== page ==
# Accuracy analysis

The accuracy analysis of a measurement instrument makes it possible to verify that the average measurement does not differ from the true value of the measurand. We call any difference a measurement bias. If this difference is significant, it must be corrected.

To calculate the measurement bias, 30 successive measurements are carried out on a part for which the true value is known (a benchmark, for example).

Next the mean of these measurements is compared with the part’s true value. Suppose that the true value of the part is 7.702.

The bias is calculated by:

\(Bias=\overline{X}-True \, value\)

The bias is significant if it is higher than IT/20.

### Bias significance.

When calculating the bias of a measurement process by taking the average of a series of measurements, the probability of calculating the exact null bias is close to 0. It is thus advisable to question the significance of the bias. I.e., the calculated bias is significantly different than 0 in the statistical sense of the term.

For this, the calculation of the bias is represented by its standard deviation number.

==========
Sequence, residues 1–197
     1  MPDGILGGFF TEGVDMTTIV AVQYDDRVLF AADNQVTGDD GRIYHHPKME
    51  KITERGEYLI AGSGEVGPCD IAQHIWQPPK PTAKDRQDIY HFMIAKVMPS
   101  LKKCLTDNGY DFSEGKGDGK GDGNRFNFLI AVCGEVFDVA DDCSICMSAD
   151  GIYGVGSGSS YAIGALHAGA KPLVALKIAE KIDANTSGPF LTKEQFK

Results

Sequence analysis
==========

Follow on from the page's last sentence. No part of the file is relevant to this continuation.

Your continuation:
\(t=\frac{Bias}{\sigma_r/\sqrt{n}}\)

The value limit of t is calculated by using the Student table for n-1 degrees of freedom and an alpha bilateral risk of 5%, or an alpha unilateral risk of 2.5%.

For example, in the preceding example of 30 consecutive measurements:

*t _{limite}(2,5%, 29 ddl) = 2,045*

The bias is significant if t>t_{limite}.

The graph above makes graphic representation of the bias and the significance of the bias possible.

- The blue points represent measurements.
- The green point represents the calculated average and the green line on the left represent the confidence interval of the average.
- The red line represents the true value of the measurand. If this is located inside the confidence interval, the bias is not significant. The contrary is true, that if this line is outside of the confidence interval then the bias is significant.